erable period of time To make no
pleaus beod a stgle season is to In.
vte loss and poslbly oeven disaster.
The suceseful farmer lays plans
for epplagn systems, ep rotations,
the raleag of hlve sek, the mprove
ment of his property, advertelsn, and
numeroeas other matter With this(M
asu a bals, he moves coaSdently Into
the futue Conditions may oneesl
tate alteratios in detals, but the
plaus If properly aid wil remain in
large meaure the Nme and will lead
to lenrwelang scess
DietMue for Planting
Curruts and rooseberries, three to
fer feet apart.
spberries sad blackberrie three
to ive by four to seven feet apart.
Strawbrrtes for field culture, one to
two by thruee to four feet apart
Itrawberrie, gardean culture, one to
two feet apart
Prlitable arm ullding.
There is probably no tarm building
that pays a better proot dolluar for
dollar than the shed that keeps mas
alersy from the weather.
Peemnsi for pore.
ipetriments reoetly completed by
the r t of agrieulture show
that peanuts esa be proftably used
as onge for eattle in the eouth At
lnte statees where the greow so
abedestly., Anlmal dIsplay ua al
maet bh bbeedns r penaeut ad
thuive es then.-Mlessea 8toeoman.
Subeatute for Awalta .
When seetr bant met eles
Sa wry geld Smub ute hi at -
Sosee w bah, i p.nnlee.vwabe
"rbliiene t.as a, : .
FAILURES IN CO-OPERATION
Invariably Traced to Bad Management
or Graft, or Seth--General Sy
tern Is Approaching.
in the United States thege are a
large number of co-operative assoca
tions. Not all of them have succeeded
by any means but where there has
been a failure it invariably can be
traced to bad management. or graft,
or both. We do not have however.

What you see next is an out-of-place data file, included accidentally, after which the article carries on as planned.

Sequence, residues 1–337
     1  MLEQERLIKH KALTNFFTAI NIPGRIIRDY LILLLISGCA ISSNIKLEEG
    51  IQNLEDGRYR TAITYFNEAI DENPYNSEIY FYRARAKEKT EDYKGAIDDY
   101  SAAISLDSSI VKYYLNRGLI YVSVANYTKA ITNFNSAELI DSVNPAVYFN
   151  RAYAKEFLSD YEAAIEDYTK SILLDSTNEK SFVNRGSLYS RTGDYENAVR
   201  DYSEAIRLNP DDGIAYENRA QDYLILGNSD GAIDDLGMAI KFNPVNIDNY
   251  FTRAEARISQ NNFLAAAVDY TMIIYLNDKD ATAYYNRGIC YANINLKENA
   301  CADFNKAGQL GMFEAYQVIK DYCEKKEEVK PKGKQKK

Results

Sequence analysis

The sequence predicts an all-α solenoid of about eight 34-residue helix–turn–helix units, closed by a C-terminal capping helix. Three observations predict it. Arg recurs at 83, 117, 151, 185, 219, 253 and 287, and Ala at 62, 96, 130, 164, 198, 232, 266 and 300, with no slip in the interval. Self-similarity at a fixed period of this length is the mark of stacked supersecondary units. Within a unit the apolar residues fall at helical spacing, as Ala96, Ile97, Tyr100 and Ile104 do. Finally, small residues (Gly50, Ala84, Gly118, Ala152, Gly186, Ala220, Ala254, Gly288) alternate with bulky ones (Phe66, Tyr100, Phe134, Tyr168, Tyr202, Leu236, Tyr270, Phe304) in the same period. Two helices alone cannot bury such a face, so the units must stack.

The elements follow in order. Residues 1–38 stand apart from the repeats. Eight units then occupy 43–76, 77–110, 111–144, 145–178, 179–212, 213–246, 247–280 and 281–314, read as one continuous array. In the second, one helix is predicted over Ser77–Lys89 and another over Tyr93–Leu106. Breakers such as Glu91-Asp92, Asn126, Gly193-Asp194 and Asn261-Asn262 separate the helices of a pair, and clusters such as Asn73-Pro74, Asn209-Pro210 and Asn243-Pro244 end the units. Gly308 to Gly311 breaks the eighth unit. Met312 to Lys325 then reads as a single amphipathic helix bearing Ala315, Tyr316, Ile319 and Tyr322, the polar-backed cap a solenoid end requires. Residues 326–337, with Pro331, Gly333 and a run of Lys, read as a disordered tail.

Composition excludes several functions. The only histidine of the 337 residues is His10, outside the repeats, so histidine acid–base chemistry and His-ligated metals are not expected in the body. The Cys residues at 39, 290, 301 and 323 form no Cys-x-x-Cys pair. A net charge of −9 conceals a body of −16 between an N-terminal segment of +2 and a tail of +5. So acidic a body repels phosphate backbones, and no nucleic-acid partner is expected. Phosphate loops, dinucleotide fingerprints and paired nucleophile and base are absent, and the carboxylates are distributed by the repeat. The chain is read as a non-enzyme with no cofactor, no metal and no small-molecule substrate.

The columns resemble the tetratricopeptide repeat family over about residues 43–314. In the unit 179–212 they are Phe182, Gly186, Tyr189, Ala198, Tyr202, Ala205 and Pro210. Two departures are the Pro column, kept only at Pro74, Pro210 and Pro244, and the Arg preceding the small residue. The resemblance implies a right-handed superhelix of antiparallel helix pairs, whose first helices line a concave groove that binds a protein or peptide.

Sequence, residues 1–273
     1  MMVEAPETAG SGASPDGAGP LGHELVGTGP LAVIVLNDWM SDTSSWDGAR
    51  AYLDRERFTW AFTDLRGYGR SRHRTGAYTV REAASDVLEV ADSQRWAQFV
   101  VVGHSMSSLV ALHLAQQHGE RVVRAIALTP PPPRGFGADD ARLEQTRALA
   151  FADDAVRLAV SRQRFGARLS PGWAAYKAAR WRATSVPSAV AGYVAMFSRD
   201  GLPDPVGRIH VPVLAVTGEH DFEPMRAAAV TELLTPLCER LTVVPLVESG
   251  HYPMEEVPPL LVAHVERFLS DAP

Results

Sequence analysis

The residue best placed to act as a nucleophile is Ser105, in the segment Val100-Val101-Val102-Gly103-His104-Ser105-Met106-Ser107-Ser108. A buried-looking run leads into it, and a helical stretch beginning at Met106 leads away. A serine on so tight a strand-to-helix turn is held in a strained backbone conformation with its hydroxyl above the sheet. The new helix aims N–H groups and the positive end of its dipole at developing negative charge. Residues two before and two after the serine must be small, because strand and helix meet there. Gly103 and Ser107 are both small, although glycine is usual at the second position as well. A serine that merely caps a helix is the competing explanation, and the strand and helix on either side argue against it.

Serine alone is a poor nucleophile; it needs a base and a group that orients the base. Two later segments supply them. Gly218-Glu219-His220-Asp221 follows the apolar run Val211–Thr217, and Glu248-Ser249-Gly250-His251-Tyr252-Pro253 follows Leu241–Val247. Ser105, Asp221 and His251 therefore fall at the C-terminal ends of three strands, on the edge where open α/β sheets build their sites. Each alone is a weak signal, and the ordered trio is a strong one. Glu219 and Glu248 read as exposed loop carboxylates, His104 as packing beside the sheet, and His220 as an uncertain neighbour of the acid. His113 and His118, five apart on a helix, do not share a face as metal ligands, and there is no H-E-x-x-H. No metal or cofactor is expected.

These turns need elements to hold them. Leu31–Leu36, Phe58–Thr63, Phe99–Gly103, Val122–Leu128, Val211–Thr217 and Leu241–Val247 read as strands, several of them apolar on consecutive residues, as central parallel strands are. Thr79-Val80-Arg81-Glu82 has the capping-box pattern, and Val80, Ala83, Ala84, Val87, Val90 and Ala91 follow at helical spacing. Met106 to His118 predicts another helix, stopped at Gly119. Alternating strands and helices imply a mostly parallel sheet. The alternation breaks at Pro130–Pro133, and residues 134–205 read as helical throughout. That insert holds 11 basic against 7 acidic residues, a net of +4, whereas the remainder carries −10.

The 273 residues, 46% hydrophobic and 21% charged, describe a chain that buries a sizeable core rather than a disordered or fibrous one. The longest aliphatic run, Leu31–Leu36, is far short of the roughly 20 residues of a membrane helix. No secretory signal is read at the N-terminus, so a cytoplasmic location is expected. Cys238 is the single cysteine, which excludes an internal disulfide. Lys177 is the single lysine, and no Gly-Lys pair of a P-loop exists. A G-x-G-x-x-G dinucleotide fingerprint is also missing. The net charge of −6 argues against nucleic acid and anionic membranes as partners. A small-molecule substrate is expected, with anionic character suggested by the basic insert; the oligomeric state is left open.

anything approaching a general sys
tem of co-operation in this country,
but in my Judgment we are evolving
toward that condition, writes T. A.
.icNeal in Farmers Mall and Breeze
The fact that the competitive sys
tem, if it can be called a system, is
wasteful, uneconomic, brutal and final
ly leads to the destroying of the gov
ernment, war and finally anarchy, is
gradually permeating the minds even
ef men who have themselves profited
most from the system. When a Gug
genheim declares that "every worker
is entitled to a job and that the gov
ernment should see that he gets it,"
with a good deal more along the same
line it would seem that new light is
I do not look for geteral co-opera
tion to be brought about by a sudden
revolution. It will come about gradu
ally, spreading until ft covers the en
tire nation. It will n:ot then be one
system but a large number of sys
tems working together in harmony.
There will be national cooperation.
concerning matters that are naturally
and properly national The railroads
for example, will be owned by the na
tion. There will be a system of banks
owned and operated by the govern
ment to facilitate the exchange of
commodities There will be govern
ment warehouses in which commodi
ties that are not easily perishable will
be stored. There will be public works
to develop such resources as are na
tional In character, such as the build
int of Interstate railroads; the improv
ing dt navigable rivers; the develop
ing of the waterpower of such rivers.
There will be state cooperation